As two-thirds of the tax collected is in the form of indirect taxes and one-fourth of the entire amount comes from petroleum and petroleum products at various stages (which is passed on to consumers), the overall incidence is regressive— Ishrat Husain, Governing the Ungovernable: Institutional Reforms for Democratic Governance (2018).
Dr. Ishrat Husain, Advisor to the Prime Minister on Institutional Reforms and Austerity, in his book, ‘Governing the Ungovernable: Institutional Reforms for Democratic Governance’, while acknowledging our work [Huzaima & Ikram], observed that under the existing tax system, less-privileged have been subjected to oppressive taxation. Surprisingly, “institutional reforms for democratic governance” is still a dream though Prime Minister in election manifesto promised it during the first 100 days of his office. In “democratic governance” tax culture arises from citizens’ faith in rulers. It is inculcated in them as they have no doubt that taxpayers’ money is used for their benefits. We collect it to fund unprecedented tax-free perks/benefits to a handful of members of militro-judicial-civil complex, businessmen-turned-politicians and absentee landowners in power. No study has been conducted to measure the economic cost of tax-free benefits, subsidised and/or free facilities of rest houses, clubs, golf courses, free foreign trips and allotting expensive plots at prime locations either at concessional rates or free of cost. The way our governments—military and civilian alike—have been wasting and squandering taxpayers’ money and national resources is not a secret.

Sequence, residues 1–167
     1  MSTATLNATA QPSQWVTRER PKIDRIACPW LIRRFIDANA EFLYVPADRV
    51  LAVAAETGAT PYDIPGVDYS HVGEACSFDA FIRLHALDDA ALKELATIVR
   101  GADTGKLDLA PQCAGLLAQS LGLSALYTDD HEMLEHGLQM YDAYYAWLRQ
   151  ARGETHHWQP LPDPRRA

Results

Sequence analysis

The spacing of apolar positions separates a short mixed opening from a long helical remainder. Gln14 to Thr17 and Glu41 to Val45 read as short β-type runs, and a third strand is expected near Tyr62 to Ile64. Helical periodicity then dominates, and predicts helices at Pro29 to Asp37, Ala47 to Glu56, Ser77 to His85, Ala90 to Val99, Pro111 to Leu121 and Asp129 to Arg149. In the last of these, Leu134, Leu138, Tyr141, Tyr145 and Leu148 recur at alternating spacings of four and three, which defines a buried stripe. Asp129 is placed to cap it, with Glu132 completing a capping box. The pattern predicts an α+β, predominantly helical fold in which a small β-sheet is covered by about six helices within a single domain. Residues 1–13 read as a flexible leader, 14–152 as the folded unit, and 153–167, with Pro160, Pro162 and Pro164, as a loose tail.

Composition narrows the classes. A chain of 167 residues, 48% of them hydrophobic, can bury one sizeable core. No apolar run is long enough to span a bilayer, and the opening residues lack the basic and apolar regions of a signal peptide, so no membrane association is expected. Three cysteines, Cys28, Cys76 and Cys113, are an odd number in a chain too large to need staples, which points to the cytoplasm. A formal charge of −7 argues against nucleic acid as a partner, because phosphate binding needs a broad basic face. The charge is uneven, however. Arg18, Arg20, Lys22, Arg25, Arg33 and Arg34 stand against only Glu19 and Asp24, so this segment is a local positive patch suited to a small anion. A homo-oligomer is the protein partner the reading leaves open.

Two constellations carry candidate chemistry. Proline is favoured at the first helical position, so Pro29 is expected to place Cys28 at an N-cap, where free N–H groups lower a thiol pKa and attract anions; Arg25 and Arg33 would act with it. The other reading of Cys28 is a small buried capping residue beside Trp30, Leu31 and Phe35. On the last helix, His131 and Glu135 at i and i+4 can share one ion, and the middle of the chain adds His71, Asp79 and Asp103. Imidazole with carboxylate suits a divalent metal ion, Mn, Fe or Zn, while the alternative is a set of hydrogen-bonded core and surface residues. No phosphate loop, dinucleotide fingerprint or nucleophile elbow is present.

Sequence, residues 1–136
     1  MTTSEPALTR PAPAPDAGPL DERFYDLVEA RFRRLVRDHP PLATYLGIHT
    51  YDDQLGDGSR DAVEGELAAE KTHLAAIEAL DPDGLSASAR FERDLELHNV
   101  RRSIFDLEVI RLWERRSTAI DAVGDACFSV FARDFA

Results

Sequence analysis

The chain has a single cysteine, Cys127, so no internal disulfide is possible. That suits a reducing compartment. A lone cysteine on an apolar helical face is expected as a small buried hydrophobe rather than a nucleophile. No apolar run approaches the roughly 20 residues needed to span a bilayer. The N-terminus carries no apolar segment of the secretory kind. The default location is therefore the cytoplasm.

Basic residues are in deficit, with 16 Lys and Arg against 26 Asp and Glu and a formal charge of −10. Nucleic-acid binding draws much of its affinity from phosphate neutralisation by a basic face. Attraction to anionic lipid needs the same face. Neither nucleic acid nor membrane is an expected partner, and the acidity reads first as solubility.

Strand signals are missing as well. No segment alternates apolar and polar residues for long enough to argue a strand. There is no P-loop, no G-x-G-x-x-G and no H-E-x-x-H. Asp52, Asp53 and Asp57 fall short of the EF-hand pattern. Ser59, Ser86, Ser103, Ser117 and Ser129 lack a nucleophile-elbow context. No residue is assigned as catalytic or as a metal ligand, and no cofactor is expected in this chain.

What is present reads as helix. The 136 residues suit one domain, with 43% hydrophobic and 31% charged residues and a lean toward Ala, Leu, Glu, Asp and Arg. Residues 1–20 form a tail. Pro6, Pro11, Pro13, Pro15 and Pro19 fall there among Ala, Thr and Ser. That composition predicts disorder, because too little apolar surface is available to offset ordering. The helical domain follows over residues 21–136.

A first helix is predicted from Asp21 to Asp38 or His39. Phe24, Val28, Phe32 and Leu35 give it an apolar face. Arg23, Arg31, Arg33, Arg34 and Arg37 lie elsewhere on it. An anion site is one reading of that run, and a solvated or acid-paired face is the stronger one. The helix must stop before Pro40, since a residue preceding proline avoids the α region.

Mr. Jamil Nasir in his book, Political Economy of Bad Governance (2021), which is a compilation of 79 articles published in various newspapers, has highlighted the root cause of bad governance, diagnosed by Dr. Ishrat Hussain and many others. The brilliant lawyer, ex-civil servant and former Governor of Punjab, Shahid Hamid, in his recently published book, Treasured Memories (September 2020), has made revelations about what has been happening within the inner corridors of power—tussles between politicians and civil and military bureaucracies. Credible research is done by Pakistan Institute of Development Economics (PIDE) under the dynamic Vice-Chancellor, Nadeem Ul Haque. He also wrote an outstanding book, Looking Back: How Pakistan Became an Asian Tiger by 2050. There is no dearth of studies/solutions, but vested interests (identified by Dr. Ishrat Hussain in his Pakistan: The Economy of Elitist State (2019) are the main impediment for democratizing all areas of governance.
Undoubtedly, our colonial era apparatuses have miserably failed to deliver since decades. The task given to Ishrat Hussain by the Premier in 2018 held the key for good governance, but in 2021 we are still expecting miracles with existing rotten institutions! The men with money power within Pakistan Tehreek-i-Insaf (PTI) and de facto rulers have once again proved that those dreaming for pro-people reforms live in a fool’s paradise.
The PTI government since assumption of power has failed to undertake much-delayed reforms as elaborated in Fundamental tax reforms, Daily Times, November 1, 2020. One of the reasons for unprecedented borrowing by PTI Government is huge wasteful spending on monstrous and inefficient state machinery and loss-bearing public sector enterprises. Elites, Dr Ishrat Hussain mentioned, are still occupying expensive state properties in the heart of cities.
The lands, occupied by judges and civil/military bureaucracies, can be leased out for commercial purposes that can bring billions to get rid of expensive loans/debt servicing and achieve rapid and sustainable growth, creating jobs for millions. Premier talks about austerity but is not inclined to cut the size of cabinet. Additionally, he has many advisers and special assistants. The PTI lacks a pragmatic plan to export-led growth by incentivising value-added industries, increase productivity, modernise agricultural sector, introduce low-rate taxes for capital generation and reduce wasteful/unproductive expenses.